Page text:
Four months ago, Louise Goldin's inspiration board was filled with tear sheets from Gianni Versace's mid-nineties advertising campaigns—the ones with the original tawny-limbed supermodels working gladiator kilts, shot by Richard Avedon. That's where she started, while factoring in a dose of baroque curlicues gleaned from a V&A exhibition and a sidelong look at the pointy bras Jean Paul Gaultier made for Madonna's 1990 world tour. To her credit, this knitwear dynamo made none of that research overtly obvious when it came to sending out a collection honed for her twenty-first-century audience.
The Versace-derived pastel tones—lavender, baby blue, pink, lemon, violet, and mint green—were mixed with gold Lurex and engineered into a look that managed to include baby-doll silhouettes and leather bloomer shorts and still didn't look tacky. The skill and imagination are in Goldin's techniques. She transforms knitwear into what she thinks of as fabric, which she drapes and pleats into multilayer skirts, or wraps around the torso of a dress as dreamy, whisper-fine layers of tulle. The minutiae, too, are also knitted—using computer programs written by Goldin—down to the black "lace" edging on a fondant pink dress and the sheer tulle inserts in a gold cyber-bodysuit.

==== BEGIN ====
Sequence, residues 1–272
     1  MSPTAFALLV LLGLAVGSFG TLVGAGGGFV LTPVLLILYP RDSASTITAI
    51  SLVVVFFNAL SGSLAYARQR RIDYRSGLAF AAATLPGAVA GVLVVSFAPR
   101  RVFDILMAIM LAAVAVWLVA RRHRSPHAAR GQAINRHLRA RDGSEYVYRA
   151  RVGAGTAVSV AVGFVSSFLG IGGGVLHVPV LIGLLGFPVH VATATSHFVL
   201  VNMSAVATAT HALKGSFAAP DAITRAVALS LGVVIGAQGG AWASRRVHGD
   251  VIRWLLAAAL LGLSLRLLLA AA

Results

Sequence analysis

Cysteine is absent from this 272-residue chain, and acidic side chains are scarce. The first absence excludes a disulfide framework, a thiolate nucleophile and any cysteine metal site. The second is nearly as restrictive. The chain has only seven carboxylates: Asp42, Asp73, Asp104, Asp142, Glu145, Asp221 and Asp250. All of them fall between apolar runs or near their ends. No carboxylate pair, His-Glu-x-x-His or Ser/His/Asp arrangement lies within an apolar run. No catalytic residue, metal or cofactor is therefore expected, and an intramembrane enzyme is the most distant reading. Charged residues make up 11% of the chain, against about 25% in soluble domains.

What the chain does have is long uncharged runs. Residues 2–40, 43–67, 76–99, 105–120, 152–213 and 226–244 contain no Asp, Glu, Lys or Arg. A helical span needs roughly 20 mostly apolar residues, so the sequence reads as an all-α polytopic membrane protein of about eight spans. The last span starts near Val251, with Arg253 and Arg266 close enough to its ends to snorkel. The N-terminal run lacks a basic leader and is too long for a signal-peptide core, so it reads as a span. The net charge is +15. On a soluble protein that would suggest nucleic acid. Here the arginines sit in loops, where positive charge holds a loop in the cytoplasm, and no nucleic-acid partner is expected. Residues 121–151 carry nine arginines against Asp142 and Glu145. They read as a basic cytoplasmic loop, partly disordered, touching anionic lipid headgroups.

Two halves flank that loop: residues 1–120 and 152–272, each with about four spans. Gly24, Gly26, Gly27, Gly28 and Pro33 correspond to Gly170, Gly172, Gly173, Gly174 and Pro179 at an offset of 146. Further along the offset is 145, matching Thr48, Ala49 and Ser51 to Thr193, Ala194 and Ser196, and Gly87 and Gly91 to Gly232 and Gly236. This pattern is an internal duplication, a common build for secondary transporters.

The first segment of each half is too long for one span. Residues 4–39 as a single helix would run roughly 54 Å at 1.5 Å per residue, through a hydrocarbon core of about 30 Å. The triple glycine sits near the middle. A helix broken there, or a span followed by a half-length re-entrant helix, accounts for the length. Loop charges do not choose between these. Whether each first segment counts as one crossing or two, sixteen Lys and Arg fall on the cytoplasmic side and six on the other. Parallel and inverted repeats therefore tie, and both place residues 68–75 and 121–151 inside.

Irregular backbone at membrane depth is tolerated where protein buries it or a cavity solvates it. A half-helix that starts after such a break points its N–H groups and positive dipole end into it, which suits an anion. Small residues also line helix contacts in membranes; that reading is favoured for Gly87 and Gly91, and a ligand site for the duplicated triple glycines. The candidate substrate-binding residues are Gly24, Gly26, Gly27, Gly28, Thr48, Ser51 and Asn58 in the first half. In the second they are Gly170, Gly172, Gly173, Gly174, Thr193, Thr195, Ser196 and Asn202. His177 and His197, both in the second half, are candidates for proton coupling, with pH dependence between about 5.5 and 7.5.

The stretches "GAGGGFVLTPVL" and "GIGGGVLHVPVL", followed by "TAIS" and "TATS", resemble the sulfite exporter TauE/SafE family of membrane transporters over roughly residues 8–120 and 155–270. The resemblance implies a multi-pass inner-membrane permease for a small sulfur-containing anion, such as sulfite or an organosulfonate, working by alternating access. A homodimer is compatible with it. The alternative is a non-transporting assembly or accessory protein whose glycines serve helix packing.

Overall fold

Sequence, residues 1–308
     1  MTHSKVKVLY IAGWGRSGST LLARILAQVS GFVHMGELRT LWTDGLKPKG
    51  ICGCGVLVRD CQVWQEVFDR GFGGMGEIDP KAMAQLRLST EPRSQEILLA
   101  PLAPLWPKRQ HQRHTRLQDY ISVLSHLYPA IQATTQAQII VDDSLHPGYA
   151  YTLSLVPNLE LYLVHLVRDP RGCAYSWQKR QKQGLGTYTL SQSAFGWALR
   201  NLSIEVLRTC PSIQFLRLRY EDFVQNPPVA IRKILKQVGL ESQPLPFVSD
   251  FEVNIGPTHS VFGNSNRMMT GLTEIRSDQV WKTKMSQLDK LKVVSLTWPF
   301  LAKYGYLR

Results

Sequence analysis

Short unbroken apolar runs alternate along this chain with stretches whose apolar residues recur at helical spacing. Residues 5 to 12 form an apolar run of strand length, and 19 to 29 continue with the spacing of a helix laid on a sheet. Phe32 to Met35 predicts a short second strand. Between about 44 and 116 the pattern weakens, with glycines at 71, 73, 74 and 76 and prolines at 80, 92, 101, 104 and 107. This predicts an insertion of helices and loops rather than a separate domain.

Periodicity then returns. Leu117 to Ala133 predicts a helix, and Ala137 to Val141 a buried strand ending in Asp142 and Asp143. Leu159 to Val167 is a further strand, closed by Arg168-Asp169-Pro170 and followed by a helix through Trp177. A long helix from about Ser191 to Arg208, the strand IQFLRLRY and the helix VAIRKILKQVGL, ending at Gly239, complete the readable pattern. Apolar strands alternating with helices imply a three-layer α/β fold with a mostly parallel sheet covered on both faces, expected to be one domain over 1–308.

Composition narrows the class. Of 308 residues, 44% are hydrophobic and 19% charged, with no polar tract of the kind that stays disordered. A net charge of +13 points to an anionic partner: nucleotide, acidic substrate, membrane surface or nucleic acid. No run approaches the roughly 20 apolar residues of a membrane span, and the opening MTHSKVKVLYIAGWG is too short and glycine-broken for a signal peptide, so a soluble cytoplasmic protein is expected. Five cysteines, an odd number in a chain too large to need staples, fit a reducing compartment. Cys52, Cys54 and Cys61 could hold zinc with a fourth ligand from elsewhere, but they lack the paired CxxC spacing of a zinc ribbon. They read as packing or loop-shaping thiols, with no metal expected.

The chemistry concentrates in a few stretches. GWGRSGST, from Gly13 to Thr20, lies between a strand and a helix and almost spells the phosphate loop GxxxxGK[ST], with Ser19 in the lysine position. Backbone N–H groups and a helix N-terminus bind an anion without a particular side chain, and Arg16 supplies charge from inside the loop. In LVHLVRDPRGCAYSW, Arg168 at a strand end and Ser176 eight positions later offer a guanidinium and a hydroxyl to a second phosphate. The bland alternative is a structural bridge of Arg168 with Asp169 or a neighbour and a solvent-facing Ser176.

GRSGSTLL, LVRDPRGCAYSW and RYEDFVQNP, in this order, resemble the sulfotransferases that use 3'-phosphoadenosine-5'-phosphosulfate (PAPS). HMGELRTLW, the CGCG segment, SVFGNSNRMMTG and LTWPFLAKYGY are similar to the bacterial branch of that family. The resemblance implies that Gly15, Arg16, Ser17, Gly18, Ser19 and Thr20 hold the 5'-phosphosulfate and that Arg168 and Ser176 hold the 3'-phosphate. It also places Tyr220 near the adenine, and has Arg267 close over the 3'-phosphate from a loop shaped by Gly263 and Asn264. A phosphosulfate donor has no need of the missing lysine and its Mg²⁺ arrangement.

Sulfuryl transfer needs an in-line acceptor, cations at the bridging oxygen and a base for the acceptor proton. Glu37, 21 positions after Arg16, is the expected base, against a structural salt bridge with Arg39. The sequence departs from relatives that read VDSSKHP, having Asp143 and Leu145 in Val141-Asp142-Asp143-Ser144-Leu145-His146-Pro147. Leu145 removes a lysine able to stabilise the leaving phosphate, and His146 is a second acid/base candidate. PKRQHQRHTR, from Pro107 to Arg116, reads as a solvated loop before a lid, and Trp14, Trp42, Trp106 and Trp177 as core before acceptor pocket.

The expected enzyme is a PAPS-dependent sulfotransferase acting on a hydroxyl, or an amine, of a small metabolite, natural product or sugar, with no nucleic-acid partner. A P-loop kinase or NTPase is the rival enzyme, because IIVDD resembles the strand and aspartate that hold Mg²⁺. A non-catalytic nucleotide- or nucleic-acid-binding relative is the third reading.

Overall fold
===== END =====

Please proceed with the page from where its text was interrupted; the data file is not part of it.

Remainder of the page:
Perhaps even better, though, is the news that Goldin is responsible for a new capsule collection for Ballantyne. She's a talent who started off raw and became sophisticated and lauded in double-quick time. Next, she needs to convince buyers that she has a selling collection of simplified skirts, crop tops, and leggings that have the runway attitude but can be donned without the wearer feeling like a sci-fi movie extra.